The hon. Gentleman—who, of course, gave his service to the country for 30 or 40 years —has made a compelling point, on which I hope the ​House will reflect. As a member of the Defence Committee, he has taken a close interest in this issue, and has championed me and supported my aims. He is entirely right: as the Minister would surely agree, it is ridiculous for a publican to say, “These young men and women in dress uniform are going to cause trouble.” As I have said, the Bill amends an existing Act. Safeguards already exist to enable a shop owner, publican or restaurateur to turn down someone’s custom if there is a genuine fear of trouble. All that we seek to do is extend the umbrella of protection to members of the armed forces.

Mr Nuttall
When, nearly a year ago, the hon. Gentleman withdrew exactly the same Bill, he said that he looked forward to working with my right hon. Friend the Member for Rayleigh and Wickford (Mr Francois), the present Minister for the Armed Forces, who responded to that debate. Will he tell us what negotiations or discussions have taken place since then?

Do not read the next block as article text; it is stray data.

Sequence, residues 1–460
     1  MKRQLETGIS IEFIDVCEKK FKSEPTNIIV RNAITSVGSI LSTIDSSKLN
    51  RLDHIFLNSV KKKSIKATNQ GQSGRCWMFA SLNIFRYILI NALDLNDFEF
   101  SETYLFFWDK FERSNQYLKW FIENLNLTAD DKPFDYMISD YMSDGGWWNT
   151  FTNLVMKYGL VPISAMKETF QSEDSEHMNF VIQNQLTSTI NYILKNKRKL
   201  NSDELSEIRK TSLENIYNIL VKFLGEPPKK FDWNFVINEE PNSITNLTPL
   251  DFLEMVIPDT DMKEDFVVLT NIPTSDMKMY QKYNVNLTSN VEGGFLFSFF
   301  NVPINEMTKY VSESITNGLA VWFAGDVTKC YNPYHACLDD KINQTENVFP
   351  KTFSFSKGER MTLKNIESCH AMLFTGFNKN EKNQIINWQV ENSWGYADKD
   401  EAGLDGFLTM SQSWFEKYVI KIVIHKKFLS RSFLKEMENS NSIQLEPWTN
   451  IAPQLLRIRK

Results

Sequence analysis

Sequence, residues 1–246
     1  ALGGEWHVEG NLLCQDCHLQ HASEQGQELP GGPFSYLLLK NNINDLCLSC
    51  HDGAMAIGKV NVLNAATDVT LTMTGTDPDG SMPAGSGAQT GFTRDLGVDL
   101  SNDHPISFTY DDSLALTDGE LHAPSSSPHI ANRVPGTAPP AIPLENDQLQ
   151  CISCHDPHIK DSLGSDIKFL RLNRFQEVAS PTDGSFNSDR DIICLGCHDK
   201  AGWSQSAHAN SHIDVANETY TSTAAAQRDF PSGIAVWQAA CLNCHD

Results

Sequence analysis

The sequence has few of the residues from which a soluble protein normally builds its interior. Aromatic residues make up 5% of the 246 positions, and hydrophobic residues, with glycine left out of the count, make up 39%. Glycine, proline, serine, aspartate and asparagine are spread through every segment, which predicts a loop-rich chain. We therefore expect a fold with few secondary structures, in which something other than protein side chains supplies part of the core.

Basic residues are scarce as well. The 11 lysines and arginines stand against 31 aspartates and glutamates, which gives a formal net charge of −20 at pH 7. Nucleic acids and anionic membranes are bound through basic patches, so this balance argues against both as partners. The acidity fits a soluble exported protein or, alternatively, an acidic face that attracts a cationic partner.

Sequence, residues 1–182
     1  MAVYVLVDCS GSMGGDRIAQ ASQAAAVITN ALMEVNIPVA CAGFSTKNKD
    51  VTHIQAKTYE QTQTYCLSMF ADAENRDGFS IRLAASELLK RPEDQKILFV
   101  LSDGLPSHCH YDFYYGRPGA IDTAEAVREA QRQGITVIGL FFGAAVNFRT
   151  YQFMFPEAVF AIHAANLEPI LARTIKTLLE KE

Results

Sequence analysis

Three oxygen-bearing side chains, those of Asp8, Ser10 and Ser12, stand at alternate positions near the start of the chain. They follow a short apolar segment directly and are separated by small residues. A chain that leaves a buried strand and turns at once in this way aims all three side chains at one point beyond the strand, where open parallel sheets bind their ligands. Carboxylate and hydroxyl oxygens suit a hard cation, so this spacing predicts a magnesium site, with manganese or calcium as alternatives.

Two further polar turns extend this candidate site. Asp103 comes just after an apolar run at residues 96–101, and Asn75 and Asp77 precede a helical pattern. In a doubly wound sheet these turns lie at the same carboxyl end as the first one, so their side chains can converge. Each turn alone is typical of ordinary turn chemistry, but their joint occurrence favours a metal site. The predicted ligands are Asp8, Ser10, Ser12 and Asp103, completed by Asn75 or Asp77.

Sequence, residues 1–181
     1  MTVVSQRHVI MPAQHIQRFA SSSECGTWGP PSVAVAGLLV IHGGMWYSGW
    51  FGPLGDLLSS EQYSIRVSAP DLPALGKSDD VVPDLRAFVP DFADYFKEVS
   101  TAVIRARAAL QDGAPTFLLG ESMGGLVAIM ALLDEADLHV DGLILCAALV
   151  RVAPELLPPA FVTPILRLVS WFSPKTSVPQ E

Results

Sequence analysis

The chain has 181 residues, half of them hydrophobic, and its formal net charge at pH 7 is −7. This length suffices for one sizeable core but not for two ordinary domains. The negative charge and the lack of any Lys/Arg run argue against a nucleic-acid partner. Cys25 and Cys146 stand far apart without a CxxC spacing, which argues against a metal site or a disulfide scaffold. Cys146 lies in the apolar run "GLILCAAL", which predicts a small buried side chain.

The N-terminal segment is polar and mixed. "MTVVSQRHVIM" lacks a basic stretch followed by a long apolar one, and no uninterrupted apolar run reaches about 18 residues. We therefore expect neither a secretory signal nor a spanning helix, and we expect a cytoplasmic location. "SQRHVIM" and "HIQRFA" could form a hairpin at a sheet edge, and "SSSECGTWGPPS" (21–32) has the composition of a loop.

Thomas Docherty
I was in two minds about whether to mention this, and it is with some regret that I do so now. If I were being charitable to the Department, I would say that it had not entirely fulfilled the expectations that were raised at approximately this time last year. The hon. Gentleman was present at the time, and made a thoughtful contribution to the debate.